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Which Dangerous Toxins Are in Your Pot?

Your weed might be gnarlier than you think. So what's an eco-conscious stoner to do?

| Mon Jan. 31, 2011 5:30 AM EST

Along a wall full of organic gardening products—a molasses-and-yucca-based soil supplement, an oil from Indian neem trees to control pests—Van Hook spotted an unfamiliar-looking bottle of "natural" fertilizer from a company called Humboldt Nutrients. Like many products marketed to pot growers, its psychedelic label looked like the cover of a Grateful Dead album. "Forget about the Buddhas and the spaceships; I look at the ingredients," Van Hook said as he picked up the bottle. A USDA-certified input reviewer on Van' Hook's seven-person staff would later vet its contents.

A lack of approved products isn't the only obstacle to growing organic ganja. Compost teas and guano-based fertilizers contain too much sediment to pass through the tubes used in soil-free hydroponics systems, so indoor growers like Jack rely instead on standard potting soil and watering by hand. Powerful grow lamps suck down large amounts of electricity—a criticism often raised by certified outdoor farmers, whose weed fetches about 50 percent less on the dispensary market because it isn't as powerful or visually striking as indoor buds. Though Van Hook doesn't penalize people who use lamps, he refuses to certify indoor grow-ops powered by dirty diesel generators, which are common in California's remote northern counties.

As Van Hook continued his inspection, Jack flipped a switch and triggered a white nova of grow lamps. Van Hook crouched beneath them with a microscope in search of signs of pesticide residue and spider mites on marijuana leaves; a few insects are actually desirable as signs of pesticide-free growing. He went on to check that Jack complied with local pot-cultivation laws, electrical codes, and agricultural sanitation standards. He's applied a similar checklist to the nine medical marijuana dispensaries that are certified as "processor/handlers," giving them the right to package Clean Green pot—just as the USDA authorizes Whole Foods to package organic granola.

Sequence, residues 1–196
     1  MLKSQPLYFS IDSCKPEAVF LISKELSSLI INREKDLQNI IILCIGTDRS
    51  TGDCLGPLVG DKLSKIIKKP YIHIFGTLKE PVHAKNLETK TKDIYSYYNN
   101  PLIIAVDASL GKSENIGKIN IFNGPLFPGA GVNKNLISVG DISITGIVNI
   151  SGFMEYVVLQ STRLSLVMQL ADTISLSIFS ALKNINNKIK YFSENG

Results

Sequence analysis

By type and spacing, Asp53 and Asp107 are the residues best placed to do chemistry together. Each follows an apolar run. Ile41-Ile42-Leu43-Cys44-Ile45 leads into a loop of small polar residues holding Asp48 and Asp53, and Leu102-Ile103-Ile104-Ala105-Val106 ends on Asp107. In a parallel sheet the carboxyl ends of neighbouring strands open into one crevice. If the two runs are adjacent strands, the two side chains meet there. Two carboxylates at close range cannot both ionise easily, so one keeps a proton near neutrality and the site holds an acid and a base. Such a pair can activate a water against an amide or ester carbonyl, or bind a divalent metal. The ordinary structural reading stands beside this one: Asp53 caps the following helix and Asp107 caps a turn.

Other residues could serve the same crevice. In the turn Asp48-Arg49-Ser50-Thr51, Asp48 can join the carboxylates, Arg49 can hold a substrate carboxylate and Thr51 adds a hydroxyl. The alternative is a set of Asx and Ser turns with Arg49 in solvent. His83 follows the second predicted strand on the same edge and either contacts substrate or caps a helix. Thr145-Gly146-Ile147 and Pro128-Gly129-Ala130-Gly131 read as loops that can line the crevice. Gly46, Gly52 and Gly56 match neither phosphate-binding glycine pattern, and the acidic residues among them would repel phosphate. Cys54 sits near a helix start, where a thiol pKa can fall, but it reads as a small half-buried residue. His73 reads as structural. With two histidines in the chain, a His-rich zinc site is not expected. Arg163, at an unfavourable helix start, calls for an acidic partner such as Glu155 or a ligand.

According to Van Hook, Clean Green marijuana doesn't necessarily sell for more than uncertified medical pot; the trick is knowing where to find it. About 10 California dispensaries offer Clean Green-approved product, including Harborside Health Center in Oakland and Herbalcure Collective in Los Angeles. Van Hook, who charges an average of $1,800 per certification, pitches his services to farmers and dispensary owners primarily as a tool for product differentiation and marketing.

Despite those benefits, many pot growers and sellers are nervous about letting a third-party inspector take notes that could be used against them by federal law enforcement. Which is why the inside of Van Hook's van displays a framed copy of his law degree from Concord Law Law School; being a lawyer enables him to keep his notes confidential under attorney-client privilege.

The final stop on Van Hook's inspection was in a shed where Jack unlocked a metal chest beneath a futon to reveal several plastic "turkey bags" brimming with buds. Some dispensaries commission independent testing on their purchases to check for harmful chemical residues. Van Hook's field tests are more basic. He pulled out a microscope and searched for signs of hair or mold. "They are beautiful buds; they are immaculate," he proclaimed, marveling at their gemlike THC crystals. Jack smiled. "You are a medical cannabis patient, aren't you, Chris? Why don't you try a little bit?"

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